For the reasons set forth above, it is determined that the plaintiffs have established their prima facie entitlement to summary judgment dismissing all of the allegations in the defendants' counterclaim. In addition, because the defendants' counterclaim essentially incorporates and reiterates the defendants affirmative defenses, it is determined that the plaintiffs have established their prima facie entitlement to summary judgment dismissing the defendants' affirmative defenses. To the extent that the defendants' allege that a "portion of the alleged claim is clearly beyond the statute of limitations," it does not defeat the granting of summary judgment as set forth herein. It is undisputed that the Pinewood Terrace and Arnold Drive agreements were entered into within the six years prior to the commencement of this action, that any claim for services performed pursuant to said contracts is timely, and that the work performed by the plaintiffs for Beach Lane and Preserve at Woodbury was completed within that same period.
The Defendants Opposition to the Plaintiffs Motion for Summary Judgment.
The plaintiffs having established their prima facie entitlement to summary judgment as set forth herein, it is then incumbent upon the defendants to produce evidence in admissible form sufficient to require a trial of the material issues of fact (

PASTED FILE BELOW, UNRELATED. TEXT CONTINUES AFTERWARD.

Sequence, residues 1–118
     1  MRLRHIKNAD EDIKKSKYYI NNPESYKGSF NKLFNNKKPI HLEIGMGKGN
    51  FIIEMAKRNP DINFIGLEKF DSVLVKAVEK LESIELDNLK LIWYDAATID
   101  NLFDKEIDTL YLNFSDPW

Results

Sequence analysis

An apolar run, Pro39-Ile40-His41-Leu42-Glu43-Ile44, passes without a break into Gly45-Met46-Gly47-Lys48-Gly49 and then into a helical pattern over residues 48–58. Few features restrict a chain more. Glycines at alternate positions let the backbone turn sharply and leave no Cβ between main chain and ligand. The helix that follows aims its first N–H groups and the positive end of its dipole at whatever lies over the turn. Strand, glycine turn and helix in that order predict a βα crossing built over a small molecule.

In his affidavit, Hason swears that Pinewood and other companies that he is associated with had done work with N & P for years prior to the issues in this action, that N & P offered to provide the survey for Beach Lane as a professional courtesy, and that some of the work done for Pinewood Terrace was not done correctly or was not billed correctly. He states that the "partial payments" of the Pinewood Terrace invoices were the amounts N & P agreed to accept as payment in full of those invoices, and that "my attorney informs me that a few of the invoices in the Pinewood Terrace case . . . were initially billed more that six years prior to the commencement of [the plaintiffs'] action . . . and are . . . time barred." He indicates that McCarthy, Pinewood's attorney on the Arnold Drive project, was not authorized to schedule the work performed by the plaintiffs for that project, that he never approved such work, and that there was no reason to do the work "because the project was a nullity."